. = This just means 'here, in this directory'.

  1. Now we are going to add the right privileges to our group. Keep in mind this is where we allow root to be the primary owner while ONLY allowing ourself's to create changes(of course, besides root). As I mentioned before, this does not allow other users to create any changes what so ever.

    sudo chmod -Rv g+rw .

chmod = command to change modifications, in this case, privileges.

-Rv = Recursive & Verbose

g = this states who will receive the modifications. In our case g-group Other options are u-user and o-other.

+ = symbolizes add

r = symbolizes read

w = symbolizes write

  1. Now we are done. Try creating a new laravel project.

    composer create-project laravel/laravelprojectName` --prefer-dist

Note: If this is not working, enter the command ls -al | grep $USER while inside the /var/www/ directory.

If you get this: drwxrw-r-x

You are missing the executable(x) privilege for the group. The first x is for the user and last x is for others. There should be middle x for the group.

Run the following command and you should be all set to go:

sudo chmod -Rv g+x .

Now if you run ls -al | grep $USER, you should get:


  • Thank you Oscar for this nice detailed explanation! – Vladislav Apr 3 at 16:47

I ran into the similar ErrorException, when creating an additional project inside the Homestead/Vagrant environment. I had previously added folders and path to the Homestead.yaml.

The answers of Oscar and Jens A. Koch pointed into the right direction, but go too far on my dev-machine.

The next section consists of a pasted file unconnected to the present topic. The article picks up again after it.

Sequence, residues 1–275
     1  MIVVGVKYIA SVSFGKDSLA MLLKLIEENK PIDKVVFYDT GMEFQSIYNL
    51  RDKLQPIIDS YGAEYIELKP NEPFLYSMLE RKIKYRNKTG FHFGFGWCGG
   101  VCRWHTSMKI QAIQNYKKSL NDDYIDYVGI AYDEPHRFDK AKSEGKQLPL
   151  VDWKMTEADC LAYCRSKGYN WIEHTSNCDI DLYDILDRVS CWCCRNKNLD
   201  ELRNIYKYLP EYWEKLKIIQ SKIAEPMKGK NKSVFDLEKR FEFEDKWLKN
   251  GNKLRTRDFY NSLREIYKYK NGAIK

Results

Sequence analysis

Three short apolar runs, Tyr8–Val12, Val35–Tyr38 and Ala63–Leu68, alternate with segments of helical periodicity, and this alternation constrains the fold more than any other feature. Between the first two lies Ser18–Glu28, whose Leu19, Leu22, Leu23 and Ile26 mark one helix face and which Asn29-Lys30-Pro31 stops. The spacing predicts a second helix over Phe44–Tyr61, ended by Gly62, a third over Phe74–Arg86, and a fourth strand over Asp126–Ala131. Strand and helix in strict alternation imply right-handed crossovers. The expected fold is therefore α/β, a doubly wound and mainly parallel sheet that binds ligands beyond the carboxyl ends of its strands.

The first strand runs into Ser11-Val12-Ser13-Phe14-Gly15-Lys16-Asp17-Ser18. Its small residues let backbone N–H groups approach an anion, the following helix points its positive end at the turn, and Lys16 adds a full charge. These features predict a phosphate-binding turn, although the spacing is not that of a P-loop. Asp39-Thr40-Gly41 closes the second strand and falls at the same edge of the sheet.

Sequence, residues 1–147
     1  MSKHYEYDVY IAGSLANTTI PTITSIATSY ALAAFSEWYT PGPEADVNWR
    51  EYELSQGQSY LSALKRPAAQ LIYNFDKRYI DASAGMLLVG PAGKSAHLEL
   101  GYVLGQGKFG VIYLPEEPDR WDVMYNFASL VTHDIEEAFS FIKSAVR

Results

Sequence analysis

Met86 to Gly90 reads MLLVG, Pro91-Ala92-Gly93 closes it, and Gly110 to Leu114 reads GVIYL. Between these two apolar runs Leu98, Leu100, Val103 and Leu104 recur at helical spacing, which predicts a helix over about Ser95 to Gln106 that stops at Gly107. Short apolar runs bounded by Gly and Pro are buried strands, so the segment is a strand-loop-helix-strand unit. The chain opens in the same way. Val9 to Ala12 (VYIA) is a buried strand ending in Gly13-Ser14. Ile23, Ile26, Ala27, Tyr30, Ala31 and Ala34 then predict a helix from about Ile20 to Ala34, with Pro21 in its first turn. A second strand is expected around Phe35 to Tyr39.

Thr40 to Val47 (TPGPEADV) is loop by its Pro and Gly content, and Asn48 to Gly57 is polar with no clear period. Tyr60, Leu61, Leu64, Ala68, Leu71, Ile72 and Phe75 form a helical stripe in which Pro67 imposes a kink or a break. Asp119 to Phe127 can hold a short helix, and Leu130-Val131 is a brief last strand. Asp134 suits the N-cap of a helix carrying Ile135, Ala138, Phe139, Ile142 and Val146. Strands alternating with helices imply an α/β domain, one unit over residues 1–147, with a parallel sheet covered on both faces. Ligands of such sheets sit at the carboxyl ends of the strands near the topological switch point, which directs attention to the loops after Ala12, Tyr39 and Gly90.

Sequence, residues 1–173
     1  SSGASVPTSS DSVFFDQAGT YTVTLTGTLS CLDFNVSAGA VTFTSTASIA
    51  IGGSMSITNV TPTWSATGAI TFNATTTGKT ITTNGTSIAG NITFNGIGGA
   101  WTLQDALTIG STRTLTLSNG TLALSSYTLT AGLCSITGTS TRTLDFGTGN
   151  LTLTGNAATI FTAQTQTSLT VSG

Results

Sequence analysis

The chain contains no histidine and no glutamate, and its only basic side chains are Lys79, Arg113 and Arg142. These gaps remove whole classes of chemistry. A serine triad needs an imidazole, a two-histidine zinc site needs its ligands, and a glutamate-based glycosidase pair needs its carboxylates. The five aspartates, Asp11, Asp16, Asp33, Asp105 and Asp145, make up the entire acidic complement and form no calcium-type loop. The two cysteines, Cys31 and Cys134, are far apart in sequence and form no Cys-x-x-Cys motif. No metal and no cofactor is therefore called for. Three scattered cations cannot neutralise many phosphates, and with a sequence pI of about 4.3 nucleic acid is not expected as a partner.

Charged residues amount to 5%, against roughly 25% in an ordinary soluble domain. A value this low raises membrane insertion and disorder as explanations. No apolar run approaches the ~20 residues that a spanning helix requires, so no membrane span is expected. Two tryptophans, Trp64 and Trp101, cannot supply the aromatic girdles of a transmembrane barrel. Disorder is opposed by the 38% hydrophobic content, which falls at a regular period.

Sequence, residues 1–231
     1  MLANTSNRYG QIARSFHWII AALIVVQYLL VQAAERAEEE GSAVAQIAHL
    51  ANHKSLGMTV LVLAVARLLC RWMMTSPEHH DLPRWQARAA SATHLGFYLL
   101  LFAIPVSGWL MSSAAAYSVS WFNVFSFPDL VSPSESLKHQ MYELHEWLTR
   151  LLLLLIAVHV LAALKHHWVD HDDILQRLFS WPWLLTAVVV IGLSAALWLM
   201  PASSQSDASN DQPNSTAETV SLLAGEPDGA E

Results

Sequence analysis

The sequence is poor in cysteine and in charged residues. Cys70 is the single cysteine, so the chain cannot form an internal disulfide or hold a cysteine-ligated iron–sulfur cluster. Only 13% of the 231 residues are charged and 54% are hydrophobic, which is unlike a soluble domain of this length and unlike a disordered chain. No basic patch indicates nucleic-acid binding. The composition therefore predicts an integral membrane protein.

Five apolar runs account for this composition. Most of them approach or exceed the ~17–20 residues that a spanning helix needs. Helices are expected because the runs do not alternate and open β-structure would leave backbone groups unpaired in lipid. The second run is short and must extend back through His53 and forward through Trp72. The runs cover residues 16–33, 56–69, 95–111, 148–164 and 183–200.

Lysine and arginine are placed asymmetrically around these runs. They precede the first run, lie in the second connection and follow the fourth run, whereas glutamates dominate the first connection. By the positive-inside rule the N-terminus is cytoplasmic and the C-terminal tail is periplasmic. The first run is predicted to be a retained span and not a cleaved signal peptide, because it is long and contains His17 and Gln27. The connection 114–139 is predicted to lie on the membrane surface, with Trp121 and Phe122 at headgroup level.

Working narrower solution inside Homestead-Box:

sudo mkdir <ProjectDir> 
sudo chgrp vagrant <ProjectDir>
sudo chmod g+wx <ProjectDir>
composer create-project --prefer-dist laravel/laravel <Project>

Make sure that you have read/write folder permission. It works to me.

Like in ubuntu


So if you want to make dir in html folder then first give permission to html folder. Then you are done. Thanks.


This Problem with a Vagrant box

If you tried to install something with composer in a new vagrant box, it is possible that when installing the vagrant you have specified the path you are allowed to use.

So check your personal .yml file in order to check this under \ansible\vars

there you have something like this

    name: oxideshop
    hostname: oxideshop.local
      - www.oxideshop.local
      source: oxideshop
      target: /var/www/oxideshop

You have to make sure, that the app_shared_folder target is the same you use for the composer installation.


composer create-project oxid-esales/oxideshop-project /var/www/oxideshop dev-b-6.1-ce


Make sure that you have read/write folder permission. LIKE: sudo chown -R USER NAME:www-data /PROJECT PATH/USER NAME/PROJECT NAME/


$ sudo chown -R tubai:www-data /home/tubai/firstlara/

cd to the directory where you currently want to install laravel and change directory access with

sudo chmod -R 777 ./

type your password and you are good to resume to the installation